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To me, solving this problem is all about finding the right language.

As expressed in the OP, Knuth expressions like floor(sqrt((3!)!)) are clunky. The eye gets lost in ! and () and it hard to see structure.

But inspiration hits: every Knuth expression is just a highly nested function of 3, and functions are evaluated from the inside out. So we could use a reverse Polish notation to simplify things. Set f = factorial, s = sqrt and i = floor(int). Then 26 = 3ffsi and in general, Knuth expressions can be represented by strings of the form 3[isf]*. Much simpler!

This representation immediately suggests a solution to the problem: generate all strings [isf]* up to length n and evaluate to each string to see if we have a small integer. Simple, but inefficient. The problem is that the number of strings generated grows as 3**n, and even for small n this search can take long, long time.

This situation can be helped by thinking about the nature of the functions used. Obviously, ii == i, so any sequence i+ can be reduced to a single i. As japhy points out, any sequence of square roots and floors [si]+i can drop the floors to become s+i without affecting the result. And so we can reduce our language of Knuth expressions to the form 3(s|if)+. The number of strings in this language grow as x**n with x somewhat less than 2. This is much better than 3**n and so I wrote a program that was able solve the problem in about 2 hours on my poky PIII notebook:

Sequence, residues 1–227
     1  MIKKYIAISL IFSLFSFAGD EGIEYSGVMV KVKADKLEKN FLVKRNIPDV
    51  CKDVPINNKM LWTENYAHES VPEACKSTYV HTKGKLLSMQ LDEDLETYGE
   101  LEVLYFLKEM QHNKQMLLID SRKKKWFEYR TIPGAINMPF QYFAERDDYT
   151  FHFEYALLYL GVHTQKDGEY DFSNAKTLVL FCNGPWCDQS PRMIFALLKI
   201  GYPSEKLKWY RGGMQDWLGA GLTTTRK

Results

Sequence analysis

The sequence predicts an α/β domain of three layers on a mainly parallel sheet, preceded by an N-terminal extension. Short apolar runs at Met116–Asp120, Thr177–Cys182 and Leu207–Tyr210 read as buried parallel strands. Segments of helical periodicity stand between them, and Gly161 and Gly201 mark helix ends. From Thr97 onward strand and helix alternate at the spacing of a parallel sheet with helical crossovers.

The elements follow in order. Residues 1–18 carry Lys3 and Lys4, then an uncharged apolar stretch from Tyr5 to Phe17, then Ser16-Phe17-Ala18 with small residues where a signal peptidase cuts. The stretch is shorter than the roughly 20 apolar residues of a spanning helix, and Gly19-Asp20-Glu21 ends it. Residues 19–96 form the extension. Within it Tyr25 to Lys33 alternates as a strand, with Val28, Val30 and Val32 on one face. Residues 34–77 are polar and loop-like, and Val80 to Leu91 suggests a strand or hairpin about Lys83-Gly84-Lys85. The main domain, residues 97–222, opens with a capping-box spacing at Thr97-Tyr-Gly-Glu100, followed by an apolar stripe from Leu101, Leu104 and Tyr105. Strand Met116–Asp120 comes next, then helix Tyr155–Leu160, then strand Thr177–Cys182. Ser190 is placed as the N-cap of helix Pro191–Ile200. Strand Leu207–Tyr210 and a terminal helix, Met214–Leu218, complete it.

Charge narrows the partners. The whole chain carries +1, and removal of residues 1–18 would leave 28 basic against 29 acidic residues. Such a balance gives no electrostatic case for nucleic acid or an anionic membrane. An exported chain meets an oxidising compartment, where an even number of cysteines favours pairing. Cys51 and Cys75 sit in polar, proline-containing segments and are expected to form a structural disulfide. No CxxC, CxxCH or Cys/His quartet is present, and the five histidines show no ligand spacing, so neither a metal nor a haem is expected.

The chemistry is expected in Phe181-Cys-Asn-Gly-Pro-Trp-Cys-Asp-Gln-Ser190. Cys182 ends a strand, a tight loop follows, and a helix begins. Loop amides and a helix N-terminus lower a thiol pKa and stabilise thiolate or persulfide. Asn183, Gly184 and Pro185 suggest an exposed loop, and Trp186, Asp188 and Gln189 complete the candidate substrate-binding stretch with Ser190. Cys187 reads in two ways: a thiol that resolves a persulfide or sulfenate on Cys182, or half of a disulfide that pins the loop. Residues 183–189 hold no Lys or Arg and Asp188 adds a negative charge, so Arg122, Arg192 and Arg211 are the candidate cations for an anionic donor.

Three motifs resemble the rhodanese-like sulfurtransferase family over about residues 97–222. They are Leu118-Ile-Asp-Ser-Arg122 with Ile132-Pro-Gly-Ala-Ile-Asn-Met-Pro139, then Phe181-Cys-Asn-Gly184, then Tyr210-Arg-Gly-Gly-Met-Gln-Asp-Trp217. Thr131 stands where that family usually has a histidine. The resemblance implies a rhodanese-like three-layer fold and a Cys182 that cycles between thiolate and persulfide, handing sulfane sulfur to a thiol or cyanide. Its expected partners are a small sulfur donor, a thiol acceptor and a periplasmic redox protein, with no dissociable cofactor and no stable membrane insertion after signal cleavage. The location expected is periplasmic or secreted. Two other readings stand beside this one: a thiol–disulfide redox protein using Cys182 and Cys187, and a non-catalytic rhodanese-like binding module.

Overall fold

```use warnings;
use strict;

use Algorithm::Loops qw( NestedLoops );
use Math::BigInt lib => 'GMP';

my \$start_base = shift;
my \$depth = shift;

my @func = qw/i s f/;  # alphabet used
# my @func = qw/s if/;
my @seq;   # Stores shortest sequences associated with each positive i
+nteger [1,200]
\$seq = "";

my @todo;  # Stores base elements yet to be searched.
push @todo, \$start_base; # Start things off

while (@todo) {
my \$base = shift @todo;
print "expanding \$base\n";
expand( \$base, \$depth);
}

for my \$val (1..200) {
print "\$val: \$seq[\$val]\n" if defined \$seq[\$val];
}

### Subroutines

# Create all possible strings up to \$depth long and evaluate each stri
+ng
sub expand
{
my (\$base, \$depth) = @_;

NestedLoops(
[ ( [@func] ) x \$depth ],
{ OnlyWhen => 1 },
sub{ evaluate_bigint( \$base, @_); },
);
}

# Evaluate the result of computing the expression given by a string
# Adds useful strings to @seq and pushes newly found values onto @todo
# queue.
sub evaluate_bigint
{
my \$base = shift;
my \$val = Math::BigInt->new( \$base);  # create a BigInt object

my \$seq_str = join "", @_;
my @sequence = split //, \$seq_str;
my \$prefix = defined \$seq[\$base] ? \$seq[\$base] : "";

foreach my \$f (@sequence) {
if (\$f eq 'i') {    # int
# int is a no-op for a BigInt
}
elsif (\$f eq 's') { # sqrt
\$val->bsqrt();
}
else {              # factorial
return if \$val->length() > 5;  # limit max size
\$val->bfac();
}
}
return if \$val->length() > 3;  # only want small integers
my \$num = \$val->numify();      # convert to ordinary scalar

\$seq_str = \$prefix . \$seq_str;
\$seq_str =~ s/^i+//;
\$seq_str =~ s/i+/i/g;
\$seq_str =~ s/fif/ff/g;

if (! defined(\$seq[\$num])) { # new entry
push @todo, \$num;
\$seq[\$num] = \$seq_str;
print "\$num: \$seq_str\n";
}
elsif (length \$seq_str < length \$seq[\$num]) {